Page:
4 Assessing the safety of GM food
Pusztai and his team were attempting to develop suitable tests to assess the safety of GM potatoes. Typically, testing the safety of GM food involves comparing its composition and/or its effects with that of the conventionally produced food it most closely resembles. We have seen that such comparisons were at the heart of Pusztai's work.
The comparison of GM and conventional crops and food has led to the so-called principle of substantial equivalence, which has been used extensively by regulatory authorities. If a GM plant, or food derived from it, is regarded as substantially equivalent to its conventional equivalent, it is assumed that no new health risks are presented, thus paving the way for commercial development.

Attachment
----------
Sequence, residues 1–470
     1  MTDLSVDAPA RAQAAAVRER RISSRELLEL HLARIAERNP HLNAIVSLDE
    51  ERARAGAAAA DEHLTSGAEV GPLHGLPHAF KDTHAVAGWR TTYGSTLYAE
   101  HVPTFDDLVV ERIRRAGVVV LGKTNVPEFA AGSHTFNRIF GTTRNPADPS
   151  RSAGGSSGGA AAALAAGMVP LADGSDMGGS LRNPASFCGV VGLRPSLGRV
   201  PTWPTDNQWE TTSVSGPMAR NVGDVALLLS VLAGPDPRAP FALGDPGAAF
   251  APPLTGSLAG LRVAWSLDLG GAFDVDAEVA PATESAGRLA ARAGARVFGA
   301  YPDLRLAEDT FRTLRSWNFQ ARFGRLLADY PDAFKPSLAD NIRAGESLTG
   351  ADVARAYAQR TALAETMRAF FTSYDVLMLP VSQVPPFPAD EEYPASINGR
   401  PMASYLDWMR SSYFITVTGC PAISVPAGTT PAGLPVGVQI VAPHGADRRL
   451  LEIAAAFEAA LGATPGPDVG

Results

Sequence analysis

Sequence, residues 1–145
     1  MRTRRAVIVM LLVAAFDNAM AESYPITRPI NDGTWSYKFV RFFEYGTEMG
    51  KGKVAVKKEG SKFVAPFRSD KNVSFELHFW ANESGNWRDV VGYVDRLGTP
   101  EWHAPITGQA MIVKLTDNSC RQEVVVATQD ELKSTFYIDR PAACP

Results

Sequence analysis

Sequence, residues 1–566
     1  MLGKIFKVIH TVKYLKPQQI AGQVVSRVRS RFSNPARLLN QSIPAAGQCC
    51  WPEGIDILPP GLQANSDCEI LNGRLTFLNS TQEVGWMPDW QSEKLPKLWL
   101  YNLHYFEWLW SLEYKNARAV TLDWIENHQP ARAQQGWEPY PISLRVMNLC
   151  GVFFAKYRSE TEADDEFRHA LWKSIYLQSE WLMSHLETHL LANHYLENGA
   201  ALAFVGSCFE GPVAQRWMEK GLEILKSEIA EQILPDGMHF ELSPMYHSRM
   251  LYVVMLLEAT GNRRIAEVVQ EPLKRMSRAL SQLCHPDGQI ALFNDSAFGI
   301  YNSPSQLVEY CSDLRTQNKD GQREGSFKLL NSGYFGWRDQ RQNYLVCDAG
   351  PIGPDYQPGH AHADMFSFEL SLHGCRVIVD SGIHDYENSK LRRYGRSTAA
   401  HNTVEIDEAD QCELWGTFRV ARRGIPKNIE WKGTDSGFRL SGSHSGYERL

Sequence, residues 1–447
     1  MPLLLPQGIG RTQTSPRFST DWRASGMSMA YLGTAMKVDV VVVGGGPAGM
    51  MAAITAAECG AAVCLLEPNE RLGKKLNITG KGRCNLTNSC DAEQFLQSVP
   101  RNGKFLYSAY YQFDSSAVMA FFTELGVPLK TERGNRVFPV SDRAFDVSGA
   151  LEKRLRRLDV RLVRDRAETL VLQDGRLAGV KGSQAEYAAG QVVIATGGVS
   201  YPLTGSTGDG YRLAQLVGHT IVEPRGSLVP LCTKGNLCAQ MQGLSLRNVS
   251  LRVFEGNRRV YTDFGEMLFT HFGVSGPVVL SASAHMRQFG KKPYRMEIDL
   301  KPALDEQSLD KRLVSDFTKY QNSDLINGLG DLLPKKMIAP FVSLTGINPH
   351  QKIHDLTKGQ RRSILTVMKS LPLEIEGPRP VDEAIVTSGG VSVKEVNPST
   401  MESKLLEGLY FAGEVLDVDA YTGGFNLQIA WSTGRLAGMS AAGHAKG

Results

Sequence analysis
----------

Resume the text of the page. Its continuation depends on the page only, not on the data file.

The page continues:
Some see the operation of this principle as the abandonment of the need for careful safety tests, on the grounds that the GM product is automatically assumed to be essentially identical to 'tried and tested' products. Pusztai was particularly dismissive of the principle. A major motivation of his work on GM potatoes was a desire to develop more rigorous testing regimes. We will spend some time examining how interpretations of this principle have changed over time, and some of the controversy that has surrounded the term. In doing so, we would hope that you gain insight into the way that the scientific assessment of risk influences regulatory decision making, nationally and internationally.